Does the Power to Issue Order include the Power to withdraw the same?

0
1246

June 28, 2019

The Courts have time and again reiterated that if an administrative order is based under an erroneous assumption of one’s own power and if it goes to the root of the matter, the authority concerned can review it for valid reasons. Hence, a power to issue an order also includes the power to withdraw the same for valid reasons.

In this context, reference can be made to Supreme Court’s Two-Judge Bench judgment in the case of Bhagwan Budha Prathmik Technical Training College Nirmali v. The State of Bihar & ors., wherein the Apex Court had succinctly pointed that if an administrative order is based under an erroneous assumption of one’s own power and if it goes to the root of the matter, the authority concerned can certainly review it for valid reasons and if that is so done the withdrawal cannot be called a malafide one.

Legal  Mala Fides or Malice in Law

Here it would be relevant to state that passing an order for unauthorized purpose constitutes malice in law.[1] Judicial Review of an administrative order on the grounds of mala fide or malice in law is an essential ground to control administrative action. In such cases, it is not so much relevant to assess whether the authority is acting in good faith or bad faith. What is relevant to assess whether purpose in view is one sanctioned by the Statute which confers power on the authority concerned[2]. Thus, the Supreme Court has stated that an order suffers from legal malafides or malice in law, although there is no malice in fact when the order is made contrary to the object and purposes of the Act[3].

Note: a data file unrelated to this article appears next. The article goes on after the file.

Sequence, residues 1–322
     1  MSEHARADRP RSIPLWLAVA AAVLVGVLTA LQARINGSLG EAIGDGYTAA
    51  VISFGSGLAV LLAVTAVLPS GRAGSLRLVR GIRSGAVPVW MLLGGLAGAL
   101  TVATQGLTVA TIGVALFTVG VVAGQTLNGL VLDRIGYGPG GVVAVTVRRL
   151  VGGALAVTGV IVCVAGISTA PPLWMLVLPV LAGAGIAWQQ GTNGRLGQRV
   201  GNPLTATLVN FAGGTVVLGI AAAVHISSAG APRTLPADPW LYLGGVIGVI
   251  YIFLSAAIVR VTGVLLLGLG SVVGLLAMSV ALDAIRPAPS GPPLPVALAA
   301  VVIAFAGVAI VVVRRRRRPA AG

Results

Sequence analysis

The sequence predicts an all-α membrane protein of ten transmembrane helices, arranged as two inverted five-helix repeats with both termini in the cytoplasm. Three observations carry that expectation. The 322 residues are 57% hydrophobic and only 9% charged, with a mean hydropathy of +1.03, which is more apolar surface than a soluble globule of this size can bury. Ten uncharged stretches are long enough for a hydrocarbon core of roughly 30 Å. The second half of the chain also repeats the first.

[1] Ravi Yashwant Bhoir v. District collector, Raigad, AIR 2012 SC 1339

[2] MP Jain & SN Jain, Principles of Administrative Law

[3] Surajpal Sahu v. State of Maharashtra, (1986)4 SCC 2177